Dominica is one of the Windward Islands and is located between two French administered islands, Guadeloupe to the north and Martinique to its south.

The Caribs, who settled here in the 14th century, called the island Waitikubuli, which means 'tall is her body'. With less poetic flair, Christopher Columbus named the island after the day of the week he spotted it - Sunday, 3 November 1493...

In 1607, Captain John Smith and his followers stopped at the Dominican coastal settlement of Portsmouth for a couple of days before heading north to establish Jamestown, north America's first permanent English settlement. The harbour became so important to the British that they intended to make Portsmouth the island's capital until outbreaks of malaria and yellow fever thwarted the plan.

France laid claim to the island in 1635 and a few years later sent a contingent of missionaries, who were driven off by unwelcoming Caribs. The French and English signed a neutrality treaty in 1660 agreeing to Carib possession of the island. Nevertheless, French settlers from the neighbouring French West Indies began establishing coffee plantations on Dominica toward the end of the century. France then sent a governor in the 1720s and took formal possession of the island.

For the remainder of the 18th century, Dominica was caught up in the French and British skirmishes that marked the era, changing hands between the two powers several times. Under the Treaty of Paris, the French reluctantly ceded the island to the British in 1763. The French tried to recapture Dominica in 1795 and again in 1805, when they managed to burn much of Roseau to the ground.

After 1805 the island remained firmly in the possession of the British, who established sugar plantations on Dominica's more accessible slopes. The British administered the island as part of the Leeward Islands Federation until 1939, when it was transferred to the Windward Islands Federation.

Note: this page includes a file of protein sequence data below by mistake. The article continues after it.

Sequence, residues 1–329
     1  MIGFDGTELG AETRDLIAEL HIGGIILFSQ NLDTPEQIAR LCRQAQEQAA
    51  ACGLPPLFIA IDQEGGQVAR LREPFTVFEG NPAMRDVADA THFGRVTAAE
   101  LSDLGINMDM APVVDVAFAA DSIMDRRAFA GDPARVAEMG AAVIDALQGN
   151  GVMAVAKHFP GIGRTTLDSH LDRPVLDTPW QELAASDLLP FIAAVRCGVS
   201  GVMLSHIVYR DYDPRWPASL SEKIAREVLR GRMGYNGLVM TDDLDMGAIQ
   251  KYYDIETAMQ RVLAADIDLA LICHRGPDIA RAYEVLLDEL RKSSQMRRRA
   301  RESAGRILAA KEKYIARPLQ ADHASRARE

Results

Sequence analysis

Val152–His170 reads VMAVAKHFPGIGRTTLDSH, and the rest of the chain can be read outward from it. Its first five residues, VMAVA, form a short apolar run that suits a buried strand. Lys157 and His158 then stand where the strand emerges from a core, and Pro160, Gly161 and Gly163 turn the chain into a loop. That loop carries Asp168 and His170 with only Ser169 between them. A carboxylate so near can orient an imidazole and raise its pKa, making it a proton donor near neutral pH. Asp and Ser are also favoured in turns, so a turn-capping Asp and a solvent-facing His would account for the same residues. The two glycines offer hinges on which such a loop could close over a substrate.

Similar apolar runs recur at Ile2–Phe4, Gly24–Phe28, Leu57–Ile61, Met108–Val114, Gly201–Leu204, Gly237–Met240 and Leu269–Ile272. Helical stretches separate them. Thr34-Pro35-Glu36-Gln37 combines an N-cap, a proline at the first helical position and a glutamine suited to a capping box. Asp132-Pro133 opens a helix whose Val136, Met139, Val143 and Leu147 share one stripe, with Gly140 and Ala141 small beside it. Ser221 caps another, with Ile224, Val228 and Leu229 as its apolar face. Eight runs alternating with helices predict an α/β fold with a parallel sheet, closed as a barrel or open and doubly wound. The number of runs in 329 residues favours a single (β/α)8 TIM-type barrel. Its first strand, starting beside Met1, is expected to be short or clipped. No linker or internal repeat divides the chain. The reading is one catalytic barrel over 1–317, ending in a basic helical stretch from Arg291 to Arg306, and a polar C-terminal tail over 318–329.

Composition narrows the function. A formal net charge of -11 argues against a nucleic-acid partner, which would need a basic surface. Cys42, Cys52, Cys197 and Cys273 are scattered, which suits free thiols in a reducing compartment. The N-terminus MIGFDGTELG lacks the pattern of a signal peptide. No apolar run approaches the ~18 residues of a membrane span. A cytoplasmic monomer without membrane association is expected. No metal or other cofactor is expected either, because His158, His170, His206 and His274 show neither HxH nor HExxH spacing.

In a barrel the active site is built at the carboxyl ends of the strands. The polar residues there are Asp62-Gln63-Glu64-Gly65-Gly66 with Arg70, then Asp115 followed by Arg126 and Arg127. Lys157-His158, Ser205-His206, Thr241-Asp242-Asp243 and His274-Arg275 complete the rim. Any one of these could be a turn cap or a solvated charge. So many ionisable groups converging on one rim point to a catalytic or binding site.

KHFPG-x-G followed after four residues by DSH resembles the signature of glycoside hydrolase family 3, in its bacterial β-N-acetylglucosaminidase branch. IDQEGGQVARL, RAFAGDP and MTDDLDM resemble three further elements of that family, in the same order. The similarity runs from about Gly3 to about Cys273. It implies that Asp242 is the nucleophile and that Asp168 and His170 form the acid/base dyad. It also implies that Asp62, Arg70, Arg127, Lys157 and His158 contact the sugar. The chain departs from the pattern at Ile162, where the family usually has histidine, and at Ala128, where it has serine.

In 1967, Dominica gained control over its internal affairs as a West Indies Associated State; in 1978, on the 485th anniversary of Columbus' 'discovery', Dominica became an independent republic within the Commonwealth.

In 1980 Mary Eugenia Charles was elected Prime Minister, becoming the first female elected head of state in the Caribbean. Within a year of her inauguration she survived two unsuccessful coups, including a bizarre attempt orchestrated by Patrick John involving mercenaries recruited from the Ku Klux Klan.

Almost all 81,000 Dominicans are descendants of African slaves imported by planters in the 18th century. Dominica is the only island in the eastern Caribbean to retain a colony of its pre-Columbian population, the Carib Indians, about 500 of whom live in a reserve on the island's east coast.

The 10-day celebration that takes place in February is Dominica's Carnival known as Mas Domnik an exciting time of mass and merriment, a time when all classes, varied backgrounds push aside their differences for the Party of the year.


Information provided courtesy of: Caribbean Association Midwest America